BROADVIEW, Ill. - Eleven weeks after a driver killed himself and three suburban family members in a high-speed head-on suburban crash, the ABC7 I-Team has found videos of cars that appear to be racing more than 100 miles per hour through quiet suburban neighborhoods.
Our I-Team investigation began with tracing the videos that claim to be shot on 1st Ave. and led us straight to a west suburban man claiming to be a police officer.
His Facebook page is under the name "Nathen Crews" and includes a claim that he is connected to suburban police. He appears in photos wearing a police vest in his profile picture, in selfies with officers in suburban Broadview, and this past October checking in at the Broadview police department for "work."
On social media a friend asks "u a cop?" At first he replies "yes," and later "just kidding - I will be after I finish my testing."
In February he wrote, "I don't normally pull over jeeps." His friend said, "I could see you as a cop," and Crews replied, "I am one."
Scattered among the police claims, pictures with police and Crews wearing police apparel, are videos of high speed driving.
In one video, the roar of an engine tears through a quiet night in the western suburbs. An SUV flying down 1st Ave. weaves between cars. The engine screams until the camera falls off the dashboard.
Another video was posted to Facebook with the caption, "What does 130 mph on 1st Ave feel like? Well, let's find out!"
The I-Team showed the videos to Jennifer Smith, whose mother was killed by a distracted driver speeding through a red light. Now she runs an organization based in Oak Park that fights for tougher driving laws.
"Driving that speed, I just don't get it, on a local road even! I mean I drive down 1st Avenue almost every day, I don't know what I would do if that came flying by me," she said.
It was on a similar roadway in Des Plaines last February that three members of a suburban family were killed when their car was struck by an oncoming vehicle traveling at 135 mph. The crash killed Kevin Crawford, 52; his wife, Anita Crawford, 50, and their eldest daughter, Kirsten Crawford, 20. The driver who caused the crash, 21 year old Piotr Rog, also died in the collision.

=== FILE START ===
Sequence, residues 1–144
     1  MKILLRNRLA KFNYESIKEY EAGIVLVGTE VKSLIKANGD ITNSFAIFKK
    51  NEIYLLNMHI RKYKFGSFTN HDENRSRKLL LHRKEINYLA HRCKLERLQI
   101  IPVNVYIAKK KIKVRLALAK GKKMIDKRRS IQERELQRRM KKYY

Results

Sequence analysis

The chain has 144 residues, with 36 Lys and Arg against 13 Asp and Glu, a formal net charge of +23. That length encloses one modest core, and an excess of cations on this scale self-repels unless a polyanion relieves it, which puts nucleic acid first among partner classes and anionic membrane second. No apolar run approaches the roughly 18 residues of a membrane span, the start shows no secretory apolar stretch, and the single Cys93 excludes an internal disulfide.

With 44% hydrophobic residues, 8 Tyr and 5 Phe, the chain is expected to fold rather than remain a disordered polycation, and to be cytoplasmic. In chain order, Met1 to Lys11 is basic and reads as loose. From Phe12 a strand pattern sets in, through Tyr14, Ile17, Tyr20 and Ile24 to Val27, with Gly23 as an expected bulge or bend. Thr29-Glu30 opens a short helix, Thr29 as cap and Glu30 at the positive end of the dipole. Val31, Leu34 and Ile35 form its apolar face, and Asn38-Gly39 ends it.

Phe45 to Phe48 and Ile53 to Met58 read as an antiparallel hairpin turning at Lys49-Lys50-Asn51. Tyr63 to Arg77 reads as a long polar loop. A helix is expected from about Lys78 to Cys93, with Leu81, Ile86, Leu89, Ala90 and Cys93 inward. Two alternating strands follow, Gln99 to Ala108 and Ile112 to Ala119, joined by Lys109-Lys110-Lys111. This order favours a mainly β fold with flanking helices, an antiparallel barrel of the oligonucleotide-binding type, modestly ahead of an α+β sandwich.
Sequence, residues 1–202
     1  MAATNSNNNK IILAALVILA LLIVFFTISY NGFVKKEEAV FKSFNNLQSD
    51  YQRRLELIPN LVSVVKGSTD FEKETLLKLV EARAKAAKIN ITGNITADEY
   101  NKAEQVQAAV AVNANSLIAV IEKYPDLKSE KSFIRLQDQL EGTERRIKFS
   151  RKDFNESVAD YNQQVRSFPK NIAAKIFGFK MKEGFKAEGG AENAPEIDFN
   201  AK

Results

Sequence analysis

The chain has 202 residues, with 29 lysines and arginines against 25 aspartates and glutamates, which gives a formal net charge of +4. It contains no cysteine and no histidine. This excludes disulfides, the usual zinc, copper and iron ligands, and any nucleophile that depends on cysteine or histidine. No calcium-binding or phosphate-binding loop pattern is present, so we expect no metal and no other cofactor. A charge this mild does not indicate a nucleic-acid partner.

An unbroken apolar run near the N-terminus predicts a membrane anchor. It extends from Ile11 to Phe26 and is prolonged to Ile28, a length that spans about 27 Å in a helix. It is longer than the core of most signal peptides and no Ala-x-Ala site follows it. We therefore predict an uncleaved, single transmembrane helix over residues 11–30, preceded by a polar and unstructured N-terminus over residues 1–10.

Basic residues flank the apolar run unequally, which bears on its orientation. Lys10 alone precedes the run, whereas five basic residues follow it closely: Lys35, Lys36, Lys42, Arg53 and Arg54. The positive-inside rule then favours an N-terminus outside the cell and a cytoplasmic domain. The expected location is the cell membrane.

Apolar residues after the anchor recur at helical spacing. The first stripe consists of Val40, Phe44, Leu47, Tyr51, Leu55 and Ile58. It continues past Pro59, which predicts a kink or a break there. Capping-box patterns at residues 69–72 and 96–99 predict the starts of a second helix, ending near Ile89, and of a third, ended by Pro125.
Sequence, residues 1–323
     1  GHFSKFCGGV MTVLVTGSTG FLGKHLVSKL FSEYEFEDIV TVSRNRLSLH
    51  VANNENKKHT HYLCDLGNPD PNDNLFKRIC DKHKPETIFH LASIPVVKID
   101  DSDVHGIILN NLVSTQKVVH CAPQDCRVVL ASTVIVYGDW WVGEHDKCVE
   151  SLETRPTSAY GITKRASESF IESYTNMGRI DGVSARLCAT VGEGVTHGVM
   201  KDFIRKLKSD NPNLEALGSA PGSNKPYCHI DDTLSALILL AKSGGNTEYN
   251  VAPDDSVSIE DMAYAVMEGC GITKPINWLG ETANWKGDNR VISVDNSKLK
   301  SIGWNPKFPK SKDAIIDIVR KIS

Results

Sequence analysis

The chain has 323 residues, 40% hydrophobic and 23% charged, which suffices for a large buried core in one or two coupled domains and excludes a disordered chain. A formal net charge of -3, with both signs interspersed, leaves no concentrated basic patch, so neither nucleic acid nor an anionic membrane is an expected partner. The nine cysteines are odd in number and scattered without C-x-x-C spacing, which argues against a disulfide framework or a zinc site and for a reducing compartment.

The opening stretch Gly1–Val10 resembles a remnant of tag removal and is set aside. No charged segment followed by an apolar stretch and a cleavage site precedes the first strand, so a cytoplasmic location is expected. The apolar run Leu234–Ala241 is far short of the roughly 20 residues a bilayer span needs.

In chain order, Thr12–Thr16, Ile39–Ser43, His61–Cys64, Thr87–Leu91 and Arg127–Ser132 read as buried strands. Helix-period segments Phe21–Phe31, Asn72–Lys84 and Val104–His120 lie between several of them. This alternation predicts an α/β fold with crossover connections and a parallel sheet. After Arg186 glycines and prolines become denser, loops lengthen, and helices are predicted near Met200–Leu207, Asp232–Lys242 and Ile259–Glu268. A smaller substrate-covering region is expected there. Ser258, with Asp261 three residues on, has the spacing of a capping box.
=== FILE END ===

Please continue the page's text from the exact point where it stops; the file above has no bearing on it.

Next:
I-Team investigations revealed that Rog had a history of high-speed driving and numerous license suspensions and that he was drunk at the time of the crash with a blood-alcohol level at three times the legal limit.
Like Rog, Crews posted pictures of his vehicles on social media and video of his high speed driving. Crews' Jeep Commander was pictured against the Chicago skyline, and then, just two weeks ago, he posted a photo of himself as "Officer Crews" with a picture of a Berkeley police department official patch.
The I-Team took Crews' videos and pictures to Chief Phil Smith of the Berkeley police department where Crews insinuated he worked.
"Obviously he likes to drive like an idiot," said Chief Smith.
And his detectives launched an investigation of what the I-Team had found.
"He is not a police officer," said Chief Smith. "Just a knucklehead doing something stupid."
Chief Smith says Crews snapped a photo wearing a patch during a police ride-along with a friend who actually does work for the department.
"This is an embarrassment to our agency, we've got a bunch of professional guys here. They care about the way they look to the public and in this case it makes us look bad because someone purporting to be a police officer from Berkeley did something stupid on Facebook," Chief Smith said.
The I-Team determined that "Officer Nathen Crews" is actually Davanta Crews, a public works maintenance man with the village of Broadview, the town where he lives. The I-Team paid Crews a visit at his home:
Chuck Goudie: "I need to speak to Davanta please."
Davanta Crews: "What's this about?"
Goudie: "It's about you claiming to be a Berkeley police officer on social media."
Crews: "I'm not claiming to be a Berkeley police officer on social media."
Goudie: "Well I think you know that you have been, you wear a Berkeley police patch, you claim to be an officer, you talk about not stopping people in Jeeps."
Goudie: "Why are you doing that?"
Crews: "I'm not doing that."
As for the speeding video, Crews didn't respond to the I-Team's questions because his mother slammed the front door and terminated the conversation.
"I don't understand why people don't think about the dangers when they're behind a 4,000 lbs. deadly weapon and the lives that they could change forever," said driving safety advocate Jennifer Smith.
Broadview police officials said Crews had been on a police ride along there as well, but isn't training to be a village officer. The police referred the I-Team to the mayor's office and we've received no information about this situation from them.